Once you are on Linux, you should see your MicroSD card (Let’s say it’s device sdc). Mount partitions sdc1 and sdc2. Let’s say you’ve mounted them to /mnt/sdc1 and /mnt/sdc2. sdc1 should be the BOOT partition formatted as FAT32. If you see a folder called etc in sdc1, it is NOT your BOOT partition. If you don’t, that’s your BOOT partition.

4. Enabling SSH on your Pi

There were various guides out there, and a lot of them focused on being able to access your machine with a keyboard and/or Ethernet. I didn’t have a keyboard, I didn’t want to use Ethernet, and I didn’t have SSH yet either. I wanted to connect to WiFi and then SSH into it, all without any extra wires.

SSH is disabled by default starting November. Enable it by creating an empty file called ssh in /mnt/sdc1/ folder of the BOOT disk. (i.e. /mnt/sdc1/ssh). SSH should be enabled now.

5. Modifying files to automatically connect to WiFi on boot

Once you’ve enabled SSH, the next thing to do is have your Raspberry Pi connect to the network so you can SSH into it. There are a couple of ways to connect to your WiFi if you have SSH/keyboard access to your Pi. However since we’re doing this without a keyboard or SSH, there’s only one way that I could get it to work. I’m assuming that you’ve followed all the steps I’ve detailed so far and haven’t modified any files apart from the ssh file above.

This post really helped me with this step, and I’ll detail out the necessary bits below so you can get going as well.

The dhcpcd service runs by default on Raspbian, and that’s what we’ll use to connect to WiFi. Things we need for this step are:

  1. Your WiFi SSID and PSK (The WiFi network name and password you use to connect to it).
  2. Your Gateway IP (Which is your Router’s IP).

We need to edit a couple of files - The /etc/wpa_supplicant/wpa_supplicant.conf file and the /etc/dhcpcd.conf file.

Open up the /etc/wpa_supplicant/wpa_supplicant.conf file first. Since this is on your mounted disk, it should actually be the /mnt/sdc2/etc/wpa_supplicant/wpa_supplicant.conf file. Don’t accidentally open up the file on your Linux instance and edit the wrong file. I’ve done that once.

This file should look like this:

ctrl_interface=DIR=/var/run/wpa_supplicant GROUP=netdev

Add the following lines below that:


Replace SSID and PASSWORD with the ones for your network. This should work, but if it doesn’t, you might need to provide additional details in the network block. Google is your friend.

Next, open up the /etc/dhcpcd.conf file. Again, as this is a mounted disk, the file you want is actually /mnt/sdc2/etc/dhcpcd.conf. It should have a bunch of text in it already. Scroll all the way to the bottom and add the following:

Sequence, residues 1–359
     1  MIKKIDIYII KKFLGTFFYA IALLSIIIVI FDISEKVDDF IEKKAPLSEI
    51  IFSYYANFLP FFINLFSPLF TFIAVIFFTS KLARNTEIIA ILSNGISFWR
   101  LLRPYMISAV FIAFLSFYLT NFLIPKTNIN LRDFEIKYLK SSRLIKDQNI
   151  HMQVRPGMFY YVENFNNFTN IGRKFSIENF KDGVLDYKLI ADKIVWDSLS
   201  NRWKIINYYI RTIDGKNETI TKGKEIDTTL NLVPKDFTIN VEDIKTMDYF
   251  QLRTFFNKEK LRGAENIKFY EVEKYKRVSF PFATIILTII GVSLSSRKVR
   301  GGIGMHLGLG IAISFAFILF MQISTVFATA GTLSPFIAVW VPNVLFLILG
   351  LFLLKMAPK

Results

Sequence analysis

interface eth0
static ip_address=
static routers=
static domain_name_servers=

interface wlan0
static ip_address=
static routers=
static domain_name_servers= 

Here, the static ip_address values are whatever you want your IP address for the Pi to be. The first 3 numbers should be the same as your Gateway IP, the last number can generally be any number greater than 1 (Because that’s your Router), and less than 256. 100 and 101 should be a safe bet.

The static routers and static domain_name_servers should be your Gateway IP. To find your Gateway IP, you can run either the ifconfig method in Linux/Mac, or the ipconfig method in Windows. This will give you your a bunch of details about the network adapters on your machine. On Linux, find your eth0 (Ethernet) or wlan0 (WiFi) adapter block, and on Windows find your Ethernet adapter or Wireless LAN adapter block. Your Router/Gateway’s IP would be something like Default Gateway:


Usually it’s a number that looks like, or It pretty much always ends with 1.

Once you’ve made those changes to your /etc/dhcpcd.conf, you should be good to go!

6. Firing it up!

Unmount your MicroSD card from your machine, plug it into your Raspberry Pi, plug in your power supply and play the waiting game.

After a minute or two, your Raspberry Pi should be booted and waiting for you to SSH into it. You can check if your Raspberry Pi is connected to your network by either using your Router’s Connected Devices page, or an app called Fing on your Android device. If you don’t have either, just pray it worked :)

Now connect via SSH to your Pi. Just type ssh [email protected] on a Linux/Mac console, or use Putty on Windows. Once you SSH into your Pi, use raspberry as your default password and you should be in!

Hope this helps someone out there!